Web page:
If you’re looking to raise funds for your startup, the first question an investor will ask is what’s the return?
And if you think that’s easy, it’s the annual profit divided by the investment, you’ll be wrong, e.g. annual profits of £75,000 with an investment required of £250,000 gives a return of 30%. It’s a common mistake and easily made.
The mistake is that the investment or project has a finite life since every investor will look to sell out at some stage.
The correct way to calculate a return over a fixed period of time is to calculate a rate of return on the cash flows over the period. This is easily done by using spreadsheets and the internal rate of return function (IRR) – excel makes it very easy. It’s called the internal rate since external factors such as interest rate deductions or inflation are not taken into account in the cashflows – it should only take into account the cashflows generated by the project itself.
For e.g. in the instance above, the outflow at the start would be £250,000 (the investment) followed by say £50,000 cash inflows (the net cash returns) in year 1 followed by £75,000 in years 2 to 5, using the IRR method would give an annual return of 12%. If this rate is higher than what the investor usually wants, then they would invest into the project.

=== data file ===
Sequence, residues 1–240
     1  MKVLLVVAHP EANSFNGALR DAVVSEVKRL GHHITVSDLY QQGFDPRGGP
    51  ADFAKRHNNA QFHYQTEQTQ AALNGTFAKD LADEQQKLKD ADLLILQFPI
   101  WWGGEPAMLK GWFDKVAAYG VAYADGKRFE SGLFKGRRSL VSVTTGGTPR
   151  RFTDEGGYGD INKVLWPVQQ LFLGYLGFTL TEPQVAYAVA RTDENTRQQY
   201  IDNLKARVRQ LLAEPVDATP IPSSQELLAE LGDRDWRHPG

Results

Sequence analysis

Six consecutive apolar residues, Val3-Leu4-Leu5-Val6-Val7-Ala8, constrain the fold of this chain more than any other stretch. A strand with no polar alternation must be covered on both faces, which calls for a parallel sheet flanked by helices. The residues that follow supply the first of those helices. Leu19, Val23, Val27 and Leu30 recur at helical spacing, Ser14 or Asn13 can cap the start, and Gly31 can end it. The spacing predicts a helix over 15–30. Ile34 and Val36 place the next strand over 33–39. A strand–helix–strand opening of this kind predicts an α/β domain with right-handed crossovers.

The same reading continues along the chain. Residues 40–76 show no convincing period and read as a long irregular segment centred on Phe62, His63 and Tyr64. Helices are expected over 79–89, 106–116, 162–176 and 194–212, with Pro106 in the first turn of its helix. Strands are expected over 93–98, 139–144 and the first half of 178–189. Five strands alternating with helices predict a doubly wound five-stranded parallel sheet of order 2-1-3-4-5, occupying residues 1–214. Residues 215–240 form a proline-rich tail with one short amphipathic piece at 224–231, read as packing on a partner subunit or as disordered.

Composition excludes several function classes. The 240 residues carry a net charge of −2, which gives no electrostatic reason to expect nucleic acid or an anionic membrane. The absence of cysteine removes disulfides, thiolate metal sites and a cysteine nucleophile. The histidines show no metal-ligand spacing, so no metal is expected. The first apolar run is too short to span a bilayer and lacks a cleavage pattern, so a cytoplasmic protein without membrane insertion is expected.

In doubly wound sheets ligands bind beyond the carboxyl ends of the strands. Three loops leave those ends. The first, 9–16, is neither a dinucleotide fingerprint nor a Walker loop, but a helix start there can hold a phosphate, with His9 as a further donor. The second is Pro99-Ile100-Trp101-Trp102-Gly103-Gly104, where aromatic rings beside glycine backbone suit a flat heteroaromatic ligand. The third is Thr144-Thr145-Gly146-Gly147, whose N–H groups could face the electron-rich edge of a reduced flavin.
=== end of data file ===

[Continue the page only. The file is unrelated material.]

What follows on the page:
This is the correct method for any business to use when also evaluating new projects or products. If the IRR returns a rate higher than the cost of capital for the business then it’s worth doing. For e.g. if you’re borrowing funds and it costs say 8% interest on a loan, then the above example would be a viable project.
IRR is a favourite tool used by FDs, CFOs and investment analysts because it gives an objective rate when evaluating lots of potential investments or projects. Of course, in real life, things are more complicated, with risk being one of the key factors to be taken into account. It’s risk that makes investors into any startup look for high returns and 25%-30% IRR is a common range you will hear investors ask for.
In the above example, to reach a return of 25%, would need the cash inflows to increase from £75k to £110k a year from year 2 to 5 – that’s a 46% increase in profits!
Knowing how to calculate IRR and present it in the right way would give potential investors comfort that at least you know what they are looking for and not every investor would look for the highest return if all the other factors such as risk and industry sector appeal to them.